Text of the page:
Sacramento Theatre Company ; 7 p.m. Tuesday through Saturday, plus matinees at 12:30 p.m., Wednesday and Thursday and at 2 p.m. Saturday and Sunday; $21-$36. 1419 H Street, 446-6722. Through January 5. J.H.
Copenhagen At long last, a local production of Michael Frayn’s physically compact, intellectually vast script. The occasion is a mysterious meeting in Nazi-occupied Denmark in 1941. German physicist Werner Heisenberg, on the Nazi payroll, makes a difficult re-acquaintance with his former mentor Niels Bohr, who is part Jewish and who will escape to the West soon. Director Ken Kelleher and actors Julian López-Morillas, Jessica Powell and Alex Moggridge do a bit of magic with an enormously potent piece of writing.
B Street Theatre ; 7 p.m. Tuesday through Friday, 4 p.m. and 8 p.m. Saturday and 1 p.m. Sunday. Additional Wednesday matinees are November 27; December 4, 11 and 18; and January 8. $16.50-$20.50. 2727 B Street 443-5300. Through January 12. J.H.
Fully Committed Our tour guide into the culinary confusion and demanding upscale clientele of a four-star New York restaurant is Sam, an out-of-work actor and restaurant employee in charge of the reservation list. This one-man theatrical tour de force is presented by Matt K. Miller, who masterfully portrays more than 40 different characters—changing personalities and accents within nanoseconds. Miller plays Sam as well as the pushy patrons, the chaotic kitchen staff and the cantankerous chef.
Sacramento Theatre Company ; 6:30 p.m. Tuesday, 12:30 p.m. and 6:30 p.m. Wednesday, 8 p.m. Thursday and Friday, 2 p.m. and 8 p.m. Saturday and 2 p.m. Sunday; $18-$36. 1419 H Street, 443-6722. Through January 5. P.R.
"?” (Question Mark) The 12-member Abandon Productions troupe, under the guidance of founder and artistic director Doniel Soto, presents vignettes that combine vocal experiments, dramatic interpretations and physical movements. The troupe’s current production brings all these aspects together. The a cappella vocals range from doo-wop to Gregorian chants and strange, tribal rhythms, while the movements portray spider webs, roller coasters, the Eiffel Tower, rivers, mountains and high-concept themes. The joy these performers project is highly infectious as they emote with their bodies, their faces and their voices. It’s a shared experience, with not a single selfish performance or ego-driven action onstage.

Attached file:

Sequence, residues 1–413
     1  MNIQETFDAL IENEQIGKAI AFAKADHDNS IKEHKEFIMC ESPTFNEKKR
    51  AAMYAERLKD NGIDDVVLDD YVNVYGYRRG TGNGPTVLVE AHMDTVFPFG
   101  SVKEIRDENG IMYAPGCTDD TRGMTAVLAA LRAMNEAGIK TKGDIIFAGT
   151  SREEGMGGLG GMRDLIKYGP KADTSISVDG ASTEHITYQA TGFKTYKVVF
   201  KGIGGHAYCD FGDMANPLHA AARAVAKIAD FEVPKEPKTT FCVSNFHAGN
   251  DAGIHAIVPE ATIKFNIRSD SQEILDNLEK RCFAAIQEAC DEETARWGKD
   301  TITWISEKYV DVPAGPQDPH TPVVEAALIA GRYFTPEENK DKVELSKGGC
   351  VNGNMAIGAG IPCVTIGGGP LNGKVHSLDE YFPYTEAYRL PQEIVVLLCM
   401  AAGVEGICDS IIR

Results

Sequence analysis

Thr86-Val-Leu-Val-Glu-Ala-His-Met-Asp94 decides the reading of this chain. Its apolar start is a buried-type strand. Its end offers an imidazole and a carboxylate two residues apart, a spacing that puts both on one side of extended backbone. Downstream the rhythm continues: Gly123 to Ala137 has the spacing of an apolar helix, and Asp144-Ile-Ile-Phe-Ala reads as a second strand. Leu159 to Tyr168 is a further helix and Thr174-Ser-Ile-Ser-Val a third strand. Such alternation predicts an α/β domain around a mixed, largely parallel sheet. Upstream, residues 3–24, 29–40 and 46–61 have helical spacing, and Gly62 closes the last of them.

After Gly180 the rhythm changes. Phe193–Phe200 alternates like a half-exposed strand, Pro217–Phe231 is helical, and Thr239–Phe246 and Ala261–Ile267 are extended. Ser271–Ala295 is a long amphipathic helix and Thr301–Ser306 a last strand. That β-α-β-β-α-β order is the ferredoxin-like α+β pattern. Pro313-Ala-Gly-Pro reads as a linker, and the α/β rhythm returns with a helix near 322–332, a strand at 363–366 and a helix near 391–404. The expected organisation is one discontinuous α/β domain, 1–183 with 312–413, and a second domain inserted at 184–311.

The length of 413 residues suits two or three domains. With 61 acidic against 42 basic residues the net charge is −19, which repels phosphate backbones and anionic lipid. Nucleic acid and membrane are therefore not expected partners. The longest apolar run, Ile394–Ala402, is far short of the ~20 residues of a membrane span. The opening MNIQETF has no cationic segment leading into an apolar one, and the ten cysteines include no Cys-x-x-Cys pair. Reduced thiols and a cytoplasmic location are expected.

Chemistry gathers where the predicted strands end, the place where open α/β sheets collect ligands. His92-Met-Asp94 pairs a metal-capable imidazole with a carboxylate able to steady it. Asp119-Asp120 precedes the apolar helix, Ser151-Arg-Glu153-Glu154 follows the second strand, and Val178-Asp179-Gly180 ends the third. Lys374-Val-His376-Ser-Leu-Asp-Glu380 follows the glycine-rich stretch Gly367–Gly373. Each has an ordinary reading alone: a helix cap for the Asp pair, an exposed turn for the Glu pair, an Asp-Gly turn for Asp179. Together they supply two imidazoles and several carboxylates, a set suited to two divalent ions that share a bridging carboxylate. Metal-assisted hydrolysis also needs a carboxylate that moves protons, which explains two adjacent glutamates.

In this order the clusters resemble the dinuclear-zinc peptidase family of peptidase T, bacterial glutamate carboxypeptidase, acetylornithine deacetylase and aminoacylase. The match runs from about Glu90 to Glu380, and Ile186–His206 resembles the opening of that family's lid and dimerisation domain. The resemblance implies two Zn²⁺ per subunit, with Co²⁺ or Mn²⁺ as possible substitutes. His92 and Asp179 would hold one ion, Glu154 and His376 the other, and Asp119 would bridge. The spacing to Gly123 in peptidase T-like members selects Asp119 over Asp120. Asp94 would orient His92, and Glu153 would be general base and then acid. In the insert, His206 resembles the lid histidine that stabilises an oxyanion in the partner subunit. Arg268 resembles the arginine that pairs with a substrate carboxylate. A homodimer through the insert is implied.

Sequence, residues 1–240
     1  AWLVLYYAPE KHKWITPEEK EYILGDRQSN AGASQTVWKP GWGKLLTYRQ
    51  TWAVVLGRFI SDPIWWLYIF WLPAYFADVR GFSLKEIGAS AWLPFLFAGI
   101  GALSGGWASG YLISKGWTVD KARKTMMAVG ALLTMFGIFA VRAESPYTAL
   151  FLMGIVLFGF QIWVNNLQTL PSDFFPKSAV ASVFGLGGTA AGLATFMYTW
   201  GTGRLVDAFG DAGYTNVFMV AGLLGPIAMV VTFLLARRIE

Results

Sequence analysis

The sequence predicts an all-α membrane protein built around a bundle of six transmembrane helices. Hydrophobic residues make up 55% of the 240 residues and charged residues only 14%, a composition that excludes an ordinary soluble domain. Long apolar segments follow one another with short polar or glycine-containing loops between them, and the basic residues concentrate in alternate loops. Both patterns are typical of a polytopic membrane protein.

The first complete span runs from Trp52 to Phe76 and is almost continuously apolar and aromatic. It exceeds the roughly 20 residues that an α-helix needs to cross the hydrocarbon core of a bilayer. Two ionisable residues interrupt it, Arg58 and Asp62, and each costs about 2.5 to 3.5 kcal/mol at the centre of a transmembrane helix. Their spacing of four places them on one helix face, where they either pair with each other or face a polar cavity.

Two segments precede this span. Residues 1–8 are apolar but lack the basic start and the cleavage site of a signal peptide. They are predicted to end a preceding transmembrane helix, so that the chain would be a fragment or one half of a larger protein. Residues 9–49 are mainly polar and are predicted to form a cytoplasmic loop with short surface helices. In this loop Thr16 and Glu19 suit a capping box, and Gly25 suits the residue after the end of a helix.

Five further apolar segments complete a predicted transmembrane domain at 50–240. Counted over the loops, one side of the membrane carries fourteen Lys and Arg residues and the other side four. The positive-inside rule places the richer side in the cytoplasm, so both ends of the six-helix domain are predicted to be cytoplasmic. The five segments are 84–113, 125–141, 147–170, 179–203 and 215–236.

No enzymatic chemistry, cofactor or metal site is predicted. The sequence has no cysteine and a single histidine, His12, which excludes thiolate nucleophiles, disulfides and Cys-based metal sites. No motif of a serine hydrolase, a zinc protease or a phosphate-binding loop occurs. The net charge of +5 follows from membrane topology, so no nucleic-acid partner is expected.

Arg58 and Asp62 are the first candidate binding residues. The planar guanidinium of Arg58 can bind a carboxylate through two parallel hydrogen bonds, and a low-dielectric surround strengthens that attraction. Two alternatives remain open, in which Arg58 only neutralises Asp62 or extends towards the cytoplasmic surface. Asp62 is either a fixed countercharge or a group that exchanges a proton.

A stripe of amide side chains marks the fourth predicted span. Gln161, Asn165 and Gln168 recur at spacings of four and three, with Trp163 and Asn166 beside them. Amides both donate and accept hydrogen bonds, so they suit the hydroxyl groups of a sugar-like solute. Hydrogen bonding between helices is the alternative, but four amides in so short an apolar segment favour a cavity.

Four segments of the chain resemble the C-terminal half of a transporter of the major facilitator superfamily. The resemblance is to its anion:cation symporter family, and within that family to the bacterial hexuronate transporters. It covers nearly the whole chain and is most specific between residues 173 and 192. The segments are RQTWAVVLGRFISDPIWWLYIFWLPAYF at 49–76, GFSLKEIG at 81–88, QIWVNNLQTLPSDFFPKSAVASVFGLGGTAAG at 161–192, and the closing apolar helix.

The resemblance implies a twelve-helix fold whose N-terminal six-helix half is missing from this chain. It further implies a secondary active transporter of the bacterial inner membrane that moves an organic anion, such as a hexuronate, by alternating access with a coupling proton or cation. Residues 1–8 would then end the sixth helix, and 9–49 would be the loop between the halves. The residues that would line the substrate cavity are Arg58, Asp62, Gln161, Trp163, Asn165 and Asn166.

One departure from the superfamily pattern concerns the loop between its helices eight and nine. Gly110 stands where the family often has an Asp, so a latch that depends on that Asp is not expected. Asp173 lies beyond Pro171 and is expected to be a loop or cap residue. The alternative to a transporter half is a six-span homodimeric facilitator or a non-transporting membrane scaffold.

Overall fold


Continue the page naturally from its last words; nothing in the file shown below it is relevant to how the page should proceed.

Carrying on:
The Space , 8 p.m. Friday and Saturday, $10-$13. 2509 R St., 737-2304. Through December 21. P.R.
Sexual Perversity in Chicago David Mamet’s comedic look at the 1970s dating and mating scene is about sex. It’s also about Chicago, with four characters in 33 short scenes throughout the city, and a bit of perversity. But, although the language is raw and the sexual portrayals explicit, the content is hardly shocking. It’s more like a little titillating. In the skits, we watch as desires and fears both help and hinder a blossoming relationship between two of them. The cast members manage to add pathos and vulnerability to their scenes while making us care about four singles awash in a sea of sexual misadventures and emotional near misses. An impressive debut for new theater company
SacActors.com. Geery Theatre , 8 p.m. Friday, 7 p.m. and 9 p.m. Saturday, $12.50-$14.50. 2130 L Street, 451-4152. Through January 12. P.R.
Woody Guthrie’s American Song Woody Guthrie’s classic songs about the Dust Bowl, the Depression, union organizing and American life in general form the center of this ensemble revue. It’s not a docudrama: Guthrie’s character is embodied by three different actors representing different aspects of his personality as he moves through life—hitching a ride on a passing freight train or singing to a crowd of unemployed laborers in shantytown in the upper Sacramento Valley. Things move at a leisurely pace, but director Luther Hanson paints effective tableaux, and music director Jesse Valerio doesn’t let his band overpower the singers.
Art Court Theatre , 8 p.m. Friday and Saturday and 2 p.m. Sunday, with a 2 p.m. matinee Thursday, December 12, $7-$12. On the Sacramento City College Campus, 3835 Freeport Boulevard, 558-2228. Through December 14.